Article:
And, in fact, can we say these things?
This gets back to Agape and Eros. Not only are we foolish to think that we can enter into relationships without exercising power, or have appetites for food that we can suppress, or have a desire for approval that we ought utterly to mortify, not only are we setting ourselves up for failure if we try to achieve perfect selfless Agape in everything we do, we are also sinning. Eros is the passionate part of love, the part of love that has a vested interest in the object it loves or that it's pursuing. Eros gives a damn. Eros cares.
Take away Eros, as I said before, and you end up with Unreality, with weirdness, with love without blood, with, what Chesterton called an "airy, disinterested lust" - in fact, you end up with Christianity without the Cross, for the suffering of Christ is a passion in more ways than one. Our God is a jealous God and a consuming fire - and our God is love (Ex. 34:14, Heb. 12:29, 1 John 4:8 & 16).
But let's talk some more about sex.
If you're a woman like the one I just mentioned, and it begins to dawn on you at a certain age that sex with men brings not just fun feelings and physical pleasure, but power over them - what do you do? And this is a question that presents itself even in chaste relationships - even in close friendships. As soon as someone values you, you have power over that person. Is this in itself wrong?
No, and sticking to sex, we can see it more clearly. It is right and good that a man finds a woman captivating, for this is part of the spiritual as well as the natural dimension of sex. It is even (though the feminists would deny it) right and good that a woman desires a man who can exercise dominion. However, if a girl uses her ability to be captivating simply to take a string of captives, or (as is more likely) simply to tease, she's putting things in the wrong order: she's elevating one aspect of a bigger picture and thereby losing all perspective. Likewise, if a man draws out the element of dominion that is his, and uses it to become dominating, he's as guilty of disordering God's goods as she is.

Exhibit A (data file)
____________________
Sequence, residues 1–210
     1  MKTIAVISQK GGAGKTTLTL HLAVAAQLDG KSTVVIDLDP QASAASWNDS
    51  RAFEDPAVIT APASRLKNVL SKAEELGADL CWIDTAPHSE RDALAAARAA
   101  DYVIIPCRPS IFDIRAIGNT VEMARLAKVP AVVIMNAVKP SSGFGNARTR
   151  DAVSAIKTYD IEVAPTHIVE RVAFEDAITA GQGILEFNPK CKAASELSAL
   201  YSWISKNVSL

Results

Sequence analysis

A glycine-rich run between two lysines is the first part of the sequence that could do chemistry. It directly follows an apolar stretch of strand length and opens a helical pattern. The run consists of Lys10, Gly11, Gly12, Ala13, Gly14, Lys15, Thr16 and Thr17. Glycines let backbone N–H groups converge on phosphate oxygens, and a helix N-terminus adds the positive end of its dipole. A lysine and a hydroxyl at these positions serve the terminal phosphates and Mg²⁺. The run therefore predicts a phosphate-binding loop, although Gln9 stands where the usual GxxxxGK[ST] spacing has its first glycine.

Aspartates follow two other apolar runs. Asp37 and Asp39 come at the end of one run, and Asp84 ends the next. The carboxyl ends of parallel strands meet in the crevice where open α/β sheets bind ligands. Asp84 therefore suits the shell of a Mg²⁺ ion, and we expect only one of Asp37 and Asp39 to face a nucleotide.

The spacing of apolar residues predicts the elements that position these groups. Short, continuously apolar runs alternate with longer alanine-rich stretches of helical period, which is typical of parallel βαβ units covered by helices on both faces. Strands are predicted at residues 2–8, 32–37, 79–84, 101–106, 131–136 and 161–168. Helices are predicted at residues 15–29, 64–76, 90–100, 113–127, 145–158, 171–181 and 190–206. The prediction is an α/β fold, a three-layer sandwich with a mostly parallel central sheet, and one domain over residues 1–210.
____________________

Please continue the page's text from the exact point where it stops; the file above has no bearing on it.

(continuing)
So let's stop talking about sex.
Actors: is it a sin to want applause? Is it a sin to want good reviews? Is it a sin to want to be paid justly for the work you do?
Of course not.
But if we place the hunger for applause higher than the desire to do good work, we're headed for a fall. If we are more eager for good reviews than we are for achieving quality in what we do, we're going to make ourselves miserable. If we get to a point where we're only in it for the money, then we are mercenaries who are sinning against love.
So these questions are a tad more complex than the the sometimes timorous Devout Catholics among us lead us to believe. All things are good and avoiding sin and doing good cannot consist in shunning or denying what is good, but in placing goods in their proper order - even goods that make us uncomfortable, like the element of power that's present in love and sex, like the hunger for food that is sometimes difficult to keep in a proper perspective, and like adoring octogenarians whose secret shrines of you at the nursing home are reeking of incense, Ben Gay and Gold Bond Medicated Powder.